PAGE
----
Such worries don’t stop at the Durham city limits. When the INS squad first arrived, the state ACLU–along with El Centro Hispano in Durham and the Workers’ Rights Project of the N.C. Justice and Community Development Center–wrote to sheriffs and police chiefs across North Carolina to emphasize the line between local and national immigration law mandates.

“According to the INS, deployment of the QRTs is not intended to confer federal immigration authority to state and local law enforcement agencies,” the letter said. “Local law enforcement agencies are not required to share information with the INS.”

Perhaps the key concern for Latino advocates is that the QRT squad will discourage Spanish-speaking residents from turning to local law enforcement when they need help. Many recent immigrants come from Central American countries where police corruption is a fact of life. The Durham Police Department’s outreach efforts have started a process of trust building–one that helped the community confront a wave of muggings and home invasions of Latinos in the late 1990s.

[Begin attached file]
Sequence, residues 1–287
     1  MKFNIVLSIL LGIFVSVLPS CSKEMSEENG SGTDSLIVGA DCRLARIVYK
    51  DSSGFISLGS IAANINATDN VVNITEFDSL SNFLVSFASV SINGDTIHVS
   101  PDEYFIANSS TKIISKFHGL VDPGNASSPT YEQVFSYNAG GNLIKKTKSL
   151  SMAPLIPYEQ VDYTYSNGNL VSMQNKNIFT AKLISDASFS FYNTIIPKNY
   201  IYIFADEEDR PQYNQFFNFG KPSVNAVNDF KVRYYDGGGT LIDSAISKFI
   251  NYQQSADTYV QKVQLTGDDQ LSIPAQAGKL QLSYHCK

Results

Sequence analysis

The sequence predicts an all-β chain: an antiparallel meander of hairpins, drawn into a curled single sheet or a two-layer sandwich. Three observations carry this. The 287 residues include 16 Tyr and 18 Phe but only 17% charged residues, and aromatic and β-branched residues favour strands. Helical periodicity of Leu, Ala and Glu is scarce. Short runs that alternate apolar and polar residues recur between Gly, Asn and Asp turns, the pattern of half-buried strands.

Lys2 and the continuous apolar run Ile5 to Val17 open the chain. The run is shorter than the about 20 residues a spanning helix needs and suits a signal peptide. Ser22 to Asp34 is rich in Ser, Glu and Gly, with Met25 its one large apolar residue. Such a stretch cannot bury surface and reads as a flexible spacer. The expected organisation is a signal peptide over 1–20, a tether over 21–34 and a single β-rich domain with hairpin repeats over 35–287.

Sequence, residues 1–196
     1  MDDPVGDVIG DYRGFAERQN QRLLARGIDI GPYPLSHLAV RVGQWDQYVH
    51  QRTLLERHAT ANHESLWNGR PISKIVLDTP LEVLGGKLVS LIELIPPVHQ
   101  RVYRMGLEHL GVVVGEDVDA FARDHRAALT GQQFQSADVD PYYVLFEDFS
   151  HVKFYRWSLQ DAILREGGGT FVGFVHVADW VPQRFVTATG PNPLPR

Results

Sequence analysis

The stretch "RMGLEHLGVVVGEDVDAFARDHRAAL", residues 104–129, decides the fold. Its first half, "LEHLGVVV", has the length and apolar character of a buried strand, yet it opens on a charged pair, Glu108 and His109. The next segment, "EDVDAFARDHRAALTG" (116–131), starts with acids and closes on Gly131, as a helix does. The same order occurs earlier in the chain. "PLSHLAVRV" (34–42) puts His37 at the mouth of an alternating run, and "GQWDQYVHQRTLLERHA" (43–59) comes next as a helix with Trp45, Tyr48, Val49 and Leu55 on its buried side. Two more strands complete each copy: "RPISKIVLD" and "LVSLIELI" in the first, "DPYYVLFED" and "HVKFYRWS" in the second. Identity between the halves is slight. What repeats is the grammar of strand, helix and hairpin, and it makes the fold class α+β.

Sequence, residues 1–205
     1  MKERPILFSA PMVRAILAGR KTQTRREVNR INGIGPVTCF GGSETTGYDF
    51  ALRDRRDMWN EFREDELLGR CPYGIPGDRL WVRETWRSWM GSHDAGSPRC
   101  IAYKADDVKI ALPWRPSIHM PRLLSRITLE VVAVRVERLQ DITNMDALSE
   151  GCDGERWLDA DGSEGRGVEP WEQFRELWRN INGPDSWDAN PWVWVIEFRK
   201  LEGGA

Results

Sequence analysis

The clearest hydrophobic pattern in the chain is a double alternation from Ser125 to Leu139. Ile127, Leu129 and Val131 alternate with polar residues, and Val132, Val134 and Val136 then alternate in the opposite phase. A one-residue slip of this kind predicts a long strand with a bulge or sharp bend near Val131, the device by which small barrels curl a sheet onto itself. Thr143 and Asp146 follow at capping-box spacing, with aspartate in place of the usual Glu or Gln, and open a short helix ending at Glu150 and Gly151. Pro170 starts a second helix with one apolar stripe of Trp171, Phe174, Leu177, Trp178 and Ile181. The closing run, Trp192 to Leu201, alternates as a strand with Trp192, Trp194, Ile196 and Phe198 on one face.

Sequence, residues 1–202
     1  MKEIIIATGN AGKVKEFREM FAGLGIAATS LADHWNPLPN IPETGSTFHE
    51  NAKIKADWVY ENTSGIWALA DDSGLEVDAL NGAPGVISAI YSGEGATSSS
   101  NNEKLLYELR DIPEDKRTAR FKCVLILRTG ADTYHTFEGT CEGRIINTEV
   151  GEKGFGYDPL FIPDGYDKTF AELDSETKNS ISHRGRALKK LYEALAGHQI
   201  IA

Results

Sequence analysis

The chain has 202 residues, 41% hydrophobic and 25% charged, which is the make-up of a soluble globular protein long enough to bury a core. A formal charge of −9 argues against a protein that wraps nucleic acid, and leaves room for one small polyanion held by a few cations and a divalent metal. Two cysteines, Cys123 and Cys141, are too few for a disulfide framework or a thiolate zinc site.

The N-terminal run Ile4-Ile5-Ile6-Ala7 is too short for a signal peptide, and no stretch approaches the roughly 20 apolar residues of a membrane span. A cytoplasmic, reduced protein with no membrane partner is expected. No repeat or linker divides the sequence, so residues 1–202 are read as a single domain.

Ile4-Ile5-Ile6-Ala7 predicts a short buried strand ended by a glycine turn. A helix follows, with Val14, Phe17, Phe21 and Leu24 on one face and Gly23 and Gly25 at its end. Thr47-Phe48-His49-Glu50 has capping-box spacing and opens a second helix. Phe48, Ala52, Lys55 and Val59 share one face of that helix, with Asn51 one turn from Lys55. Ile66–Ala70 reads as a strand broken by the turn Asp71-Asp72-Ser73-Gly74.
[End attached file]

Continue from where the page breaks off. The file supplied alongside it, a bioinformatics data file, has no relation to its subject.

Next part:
But the QRT is a trust buster, Bazan Manson says. “It’s not unusual for us to talk to community members who say, ‘Well, I don’t know if I should go to the police now, even though I’ve been robbed, because I don’t know what their role is in this. There’s a lot of confusion and misunderstanding about the role of law enforcement now.”

O’Connell insists that legal immigrants have nothing to fear from the QRT. “If you’re referring to illegal aliens,” he says, “if they’re a witness or a victim of a crime, number one, the agency dealing with that is not required to call us.” Besides, he adds, “the backlog in the office here is such that I don’t have time to pick up every witness or victim of a crime–nor would I even do that.”

Latino leaders say they’d rest easier if police departments would sign documents similar to the one submitted to Chambers a year ago. Such agreements would go a long way toward assuring foreign-born residents that local police are not becoming surrogates for the INS.

“It’s about making sure that our communities feel safe and protected,” says Bazan Manson. “And that they can go to law enforcement whenever they need to.” EndBlock